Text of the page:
Commissioned

Wow, it just dawned on me that I never even told you about my son’s commissioning into the US Army! In my defense, it did happen 10 weeks before I even started my blog, but still. It was kind of important. And with yesterday being Veteran’s Day, this is as good a time as any.

I could say it all started with Eric’s graduation from Texas A&M University, but really, the first event was a big surprise before he even started his freshman year. “I want to join the Corps of Cadets,” he told us.

My sensitive, nurturing response: “Who — you??!!? Seriously??” (I wasn’t being mean; he was just so happy-go-lucky that I could not see him in a structured, military-style environment like that.)

“Well, they have mandatory study time every night. I’m afraid if I don’t have something like that I’ll goof off and end up flunking out.” Whoa. Somebody was beginning to grow up. He survived his freshman year. Here he is, before a sophomore-year football game.

At A&M, you can be in the Corps and take ROTC classes with no military commitment through your first two years. So our second surprise was near the end of his sophomore year, when Eric decided to commission with the Army. He signed up for simultaneous membership in the Corps and in Army Reserves, and began spending one weekend a month at the base in Conroe.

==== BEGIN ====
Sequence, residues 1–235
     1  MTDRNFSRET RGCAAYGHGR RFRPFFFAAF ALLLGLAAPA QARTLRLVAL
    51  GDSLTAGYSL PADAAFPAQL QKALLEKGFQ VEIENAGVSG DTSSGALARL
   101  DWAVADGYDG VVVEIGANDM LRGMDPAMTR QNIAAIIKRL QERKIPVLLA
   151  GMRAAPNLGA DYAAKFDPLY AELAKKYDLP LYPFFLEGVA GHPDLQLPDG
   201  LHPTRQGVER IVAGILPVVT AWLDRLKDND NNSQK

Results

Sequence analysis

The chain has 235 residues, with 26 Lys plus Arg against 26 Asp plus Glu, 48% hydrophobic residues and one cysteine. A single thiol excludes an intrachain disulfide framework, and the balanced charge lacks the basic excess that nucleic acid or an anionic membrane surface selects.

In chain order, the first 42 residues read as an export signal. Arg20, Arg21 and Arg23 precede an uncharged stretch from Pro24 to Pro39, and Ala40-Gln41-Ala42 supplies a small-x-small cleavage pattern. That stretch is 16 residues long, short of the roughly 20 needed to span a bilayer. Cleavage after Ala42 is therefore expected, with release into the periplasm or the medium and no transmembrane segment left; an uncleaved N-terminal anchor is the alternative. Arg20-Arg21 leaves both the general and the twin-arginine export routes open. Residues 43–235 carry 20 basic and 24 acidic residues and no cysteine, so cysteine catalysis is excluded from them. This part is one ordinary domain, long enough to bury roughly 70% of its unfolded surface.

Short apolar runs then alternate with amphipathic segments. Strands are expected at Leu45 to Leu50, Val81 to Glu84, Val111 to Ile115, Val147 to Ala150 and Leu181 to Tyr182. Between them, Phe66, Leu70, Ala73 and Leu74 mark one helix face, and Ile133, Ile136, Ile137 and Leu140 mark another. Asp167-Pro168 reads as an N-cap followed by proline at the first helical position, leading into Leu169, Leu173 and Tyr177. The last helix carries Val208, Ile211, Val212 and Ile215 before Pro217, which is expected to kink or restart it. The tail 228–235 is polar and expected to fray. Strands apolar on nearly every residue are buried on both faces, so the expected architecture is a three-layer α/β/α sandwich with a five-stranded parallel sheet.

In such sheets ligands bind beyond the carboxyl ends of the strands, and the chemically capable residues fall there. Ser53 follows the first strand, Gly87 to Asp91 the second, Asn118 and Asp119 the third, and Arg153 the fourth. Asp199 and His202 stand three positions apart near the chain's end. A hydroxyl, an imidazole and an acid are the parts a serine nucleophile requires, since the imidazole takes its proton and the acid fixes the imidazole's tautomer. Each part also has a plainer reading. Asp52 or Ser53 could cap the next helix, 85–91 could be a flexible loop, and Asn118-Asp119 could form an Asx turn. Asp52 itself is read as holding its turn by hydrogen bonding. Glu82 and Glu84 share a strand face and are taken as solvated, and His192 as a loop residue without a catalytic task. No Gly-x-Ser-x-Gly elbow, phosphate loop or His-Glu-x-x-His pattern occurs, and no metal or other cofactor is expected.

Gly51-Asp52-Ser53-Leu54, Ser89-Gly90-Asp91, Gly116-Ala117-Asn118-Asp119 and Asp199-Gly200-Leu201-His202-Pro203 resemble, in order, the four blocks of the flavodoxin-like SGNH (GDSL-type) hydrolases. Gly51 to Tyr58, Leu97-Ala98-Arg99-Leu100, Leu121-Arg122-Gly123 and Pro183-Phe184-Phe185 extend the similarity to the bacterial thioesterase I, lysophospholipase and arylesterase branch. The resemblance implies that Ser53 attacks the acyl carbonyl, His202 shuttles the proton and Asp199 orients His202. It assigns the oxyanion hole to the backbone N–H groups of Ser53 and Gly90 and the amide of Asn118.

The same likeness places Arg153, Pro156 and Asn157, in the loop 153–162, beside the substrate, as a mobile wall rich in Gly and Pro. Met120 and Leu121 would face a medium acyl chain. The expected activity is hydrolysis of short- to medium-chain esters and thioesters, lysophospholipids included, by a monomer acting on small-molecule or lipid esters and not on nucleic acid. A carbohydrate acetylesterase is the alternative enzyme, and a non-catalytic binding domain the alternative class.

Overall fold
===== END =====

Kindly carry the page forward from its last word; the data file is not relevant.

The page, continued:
After his four years in the Corps, Eric married his wonderful fiancee Heather, and got ready for his “victory lap” (code for one’s second senior year.)

Before we knew it, it was time for graduation. Unlike most parents at commencement, we had no trouble spotting Eric & his buddies in the crowd: they were the ones in various military uniforms rather than caps and gowns.

The schedule was perhaps just a bit tight… It allowed about fifteen minutes for sprinting to the car through a major downpour, driving clear across campus, looking for a parking spot in the six-story garage, and racing across the almost-submerged street to the commissioning ceremony. Brent tried to keep all the relatives together and halfway dry, but we pretty much skidded into Rudder Theater, dripping wet, with all our hearts racing. No idea how Eric got there.

Then the officer introduced the candidates one by one as they came out onto the stage. When there was just one chair left on the front row, Eric walked in. My heart got about three sizes larger. He stood at attention until the officer was finished, then sat straight and motionless through the rest of the introductions. At last they all rose, about twenty young men and women, looking solemn and dignified as they committed themselves to defend our country.

The ceremony was as gratifying as you can imagine. Then came the really hard work. Eric asked Heather and me to “pin” his rank on. Turns out, “Pinning” is done without the help of a single pin. There are these little hook deals on the rank bars, that you’re supposed to wrestle into flat metal slots on the shoulder of the uniform. This would have been easier if Eric’s shoulder had been below eye level, but after a few awkward minutes we both managed it.